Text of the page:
“Do you like the truth (between the Brontës and my family)?” asked Monica Kendall in her fascinating, interlinking presentation to the Brussels Brontë Group last Saturday, in which she discussed her journey to discover the connections between her great-great-grandparents Eliza and the Reverend Evan Jenkins, the British chaplain in Brussels from 1825 to 1849, and the Brontë sisters’ stint at the Pensionnat Heger in the Belgian capital.
“Yes” was the resounding answer, if the animated question and answer session after the talk was anything to go by!
Monica was returning to the BBG after seven years of rigorous investigation (see blog post of 26 March 2014), which resulted in her book “Lies and the Brontës – The Quest for the Jenkins Family.” Combining the abilities and insights of a historian, a diligent biographer, and a devoted descendant, Monica put the record straight on a number of Brontë facts relating to her ancestors and skilfully wove new linkages between real historical personalities and “Villette” characters such as John Graham Bretton and Paulina. Monica even had time to check out the history of Brontë modes of transport from Ostend – contrasting the evidence of the factual train journey with the fictional diligence ride – and closed by sharing her insights into why the links between her family and the Brontës had been so long left unexplored.
Such an inspiring and informative talk should make any aspiring Brontë fan think twice: could Frigyes Karinthy’s “Six degrees of separation” idea, that a “friend of a friend” means anyone in the world is only six or fewer social connections away from another, apply to one of your ancestors and the Brontës?
Derek Blyth is a rambler. One of the most accomplished English-speaking cultural writers, journalists and tour guides of Belgium, Derek, who has revealed the hidden secrets of Brussels and its environs for the last three decades, showed the Brussels Brontë Group he certainly hasn’t lost any spring in his step when it comes to literary perambulation!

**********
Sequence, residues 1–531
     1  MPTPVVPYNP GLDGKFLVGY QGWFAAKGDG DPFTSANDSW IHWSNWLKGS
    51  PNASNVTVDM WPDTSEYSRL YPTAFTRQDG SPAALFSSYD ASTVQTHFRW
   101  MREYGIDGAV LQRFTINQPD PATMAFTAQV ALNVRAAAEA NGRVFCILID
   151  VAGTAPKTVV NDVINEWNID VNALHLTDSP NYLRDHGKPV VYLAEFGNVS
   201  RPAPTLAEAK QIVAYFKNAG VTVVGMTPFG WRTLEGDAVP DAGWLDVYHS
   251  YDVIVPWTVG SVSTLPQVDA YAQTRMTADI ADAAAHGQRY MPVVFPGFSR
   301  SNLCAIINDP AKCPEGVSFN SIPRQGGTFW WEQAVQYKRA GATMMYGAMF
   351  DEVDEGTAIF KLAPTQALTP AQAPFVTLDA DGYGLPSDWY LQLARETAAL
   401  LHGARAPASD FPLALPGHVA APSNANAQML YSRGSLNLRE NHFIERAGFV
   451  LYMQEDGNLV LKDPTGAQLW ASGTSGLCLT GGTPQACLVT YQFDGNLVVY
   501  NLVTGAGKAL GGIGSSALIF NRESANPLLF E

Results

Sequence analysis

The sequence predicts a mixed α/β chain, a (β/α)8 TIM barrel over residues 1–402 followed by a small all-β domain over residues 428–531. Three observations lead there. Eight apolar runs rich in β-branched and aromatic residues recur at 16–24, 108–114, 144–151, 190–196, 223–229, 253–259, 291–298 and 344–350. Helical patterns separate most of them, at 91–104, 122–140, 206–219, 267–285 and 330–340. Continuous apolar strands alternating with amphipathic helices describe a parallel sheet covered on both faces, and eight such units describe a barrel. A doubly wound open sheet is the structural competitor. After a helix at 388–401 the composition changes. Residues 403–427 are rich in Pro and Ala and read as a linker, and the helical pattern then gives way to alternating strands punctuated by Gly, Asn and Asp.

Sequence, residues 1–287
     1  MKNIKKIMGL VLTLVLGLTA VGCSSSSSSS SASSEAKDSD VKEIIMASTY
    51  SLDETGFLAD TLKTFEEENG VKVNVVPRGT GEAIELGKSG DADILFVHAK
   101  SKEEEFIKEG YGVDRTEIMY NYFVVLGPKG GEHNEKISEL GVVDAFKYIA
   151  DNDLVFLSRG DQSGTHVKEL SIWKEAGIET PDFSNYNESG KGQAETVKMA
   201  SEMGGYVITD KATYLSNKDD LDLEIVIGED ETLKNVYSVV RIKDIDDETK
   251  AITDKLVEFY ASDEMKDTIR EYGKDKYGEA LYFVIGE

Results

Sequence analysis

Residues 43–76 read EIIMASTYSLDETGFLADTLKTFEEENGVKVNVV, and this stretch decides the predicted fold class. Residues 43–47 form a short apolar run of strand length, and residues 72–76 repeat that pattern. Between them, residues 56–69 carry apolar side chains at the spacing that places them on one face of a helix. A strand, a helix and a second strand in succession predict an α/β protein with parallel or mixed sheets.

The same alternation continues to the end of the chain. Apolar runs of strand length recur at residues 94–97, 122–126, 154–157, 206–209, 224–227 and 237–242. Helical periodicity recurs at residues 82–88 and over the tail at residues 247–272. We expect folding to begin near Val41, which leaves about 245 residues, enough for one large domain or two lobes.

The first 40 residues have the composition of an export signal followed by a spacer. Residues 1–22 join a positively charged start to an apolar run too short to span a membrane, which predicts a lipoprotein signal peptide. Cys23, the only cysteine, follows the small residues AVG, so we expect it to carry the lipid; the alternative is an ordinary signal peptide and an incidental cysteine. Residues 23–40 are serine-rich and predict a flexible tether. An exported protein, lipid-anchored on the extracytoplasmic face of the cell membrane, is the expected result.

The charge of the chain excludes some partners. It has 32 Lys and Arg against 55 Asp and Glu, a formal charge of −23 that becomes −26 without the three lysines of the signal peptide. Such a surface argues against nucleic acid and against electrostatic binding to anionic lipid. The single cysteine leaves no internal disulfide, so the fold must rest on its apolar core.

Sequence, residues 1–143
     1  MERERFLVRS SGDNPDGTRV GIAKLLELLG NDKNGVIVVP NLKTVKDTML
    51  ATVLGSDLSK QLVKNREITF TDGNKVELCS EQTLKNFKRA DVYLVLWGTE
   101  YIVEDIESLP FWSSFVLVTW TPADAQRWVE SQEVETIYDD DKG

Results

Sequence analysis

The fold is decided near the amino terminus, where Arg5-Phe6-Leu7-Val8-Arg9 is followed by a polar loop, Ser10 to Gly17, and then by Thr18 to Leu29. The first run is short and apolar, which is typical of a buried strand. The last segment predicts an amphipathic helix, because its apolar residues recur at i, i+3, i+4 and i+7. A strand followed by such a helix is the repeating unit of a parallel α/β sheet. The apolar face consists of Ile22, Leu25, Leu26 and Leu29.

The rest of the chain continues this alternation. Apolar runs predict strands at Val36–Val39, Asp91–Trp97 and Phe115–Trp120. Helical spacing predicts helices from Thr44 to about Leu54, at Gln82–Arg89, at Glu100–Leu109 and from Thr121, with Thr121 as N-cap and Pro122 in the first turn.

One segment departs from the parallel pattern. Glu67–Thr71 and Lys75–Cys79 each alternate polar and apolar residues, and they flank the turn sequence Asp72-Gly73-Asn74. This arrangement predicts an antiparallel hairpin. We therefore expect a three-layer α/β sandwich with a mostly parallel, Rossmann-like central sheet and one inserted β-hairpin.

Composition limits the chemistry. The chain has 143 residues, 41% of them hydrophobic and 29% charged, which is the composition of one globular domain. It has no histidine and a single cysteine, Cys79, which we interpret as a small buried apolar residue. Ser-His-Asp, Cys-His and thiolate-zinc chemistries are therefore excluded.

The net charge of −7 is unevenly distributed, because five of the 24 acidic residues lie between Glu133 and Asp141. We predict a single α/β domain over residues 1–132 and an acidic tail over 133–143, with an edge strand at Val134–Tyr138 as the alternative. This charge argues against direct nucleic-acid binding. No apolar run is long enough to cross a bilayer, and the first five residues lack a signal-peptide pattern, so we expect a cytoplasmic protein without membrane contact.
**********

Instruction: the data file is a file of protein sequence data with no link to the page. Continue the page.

Derek opened his talk admitting that Helen MacEwan’s recent writings on Brontës in Brussels (in Brussels Times Magazine) almost made him lose his step. But he soon got back into his stride, by presenting yet another hidden literary secret of Belgium: that the house-turned-brothel where Victor Hugo stayed in Waterloo and wrote his famously gloomy poem was currently up for sale!
The circuit of the rich and winding presentation from Derek then went on to show how strangely downbeat Belgium is about honouring its resident writers, and citing how a list of authors including Karl Marx, Eduard Douwes Dekker, Lord Byron, Joseph Conrad and Baudelaire, having passed through Brussels and left their mark on history, were virtually untraceable today in the city, to all but the beady-eyed.
Focusing on the Brontë sisters, whose Belgian meanderings matter most to the BBG, Derek disclosed the less well-known fact that, unlike most other well-known Brussels-bound authors, who were more often than not fleeing debt, poverty or political suppression, Charlotte “longed to go to Brussels.” As all BBG members know, that longing transformed into a romantic episode with a certain Brussels-based professor before she wrote “Villette”, which, Derek, you can be sure the BBG agrees is “The best Brussels novel”!
Not done with that, Derek, revealing himself to be a true BBG pioneer, had also “walked the talk” about his visit to the Brussels archives to find Charlotte and Emily’s entry in the city’s 1842 census, as well as to the British Museum, to see the original cut-and-sewn-back love letters of Charlotte to Monsieur Heger. How striking, he asked, that Brussels has no dedicated site to its own literary legacy.
Coming to a close, with so many Brontë nooks and crannies to visit by physical and mental foot, it became clear that, only by looking, can all that Brussels has to share about the Brontës be found. Material enough for Derek to conclude his able ramble and express his wish that, on the Brontës in Brussels, “There’s a film to be made!”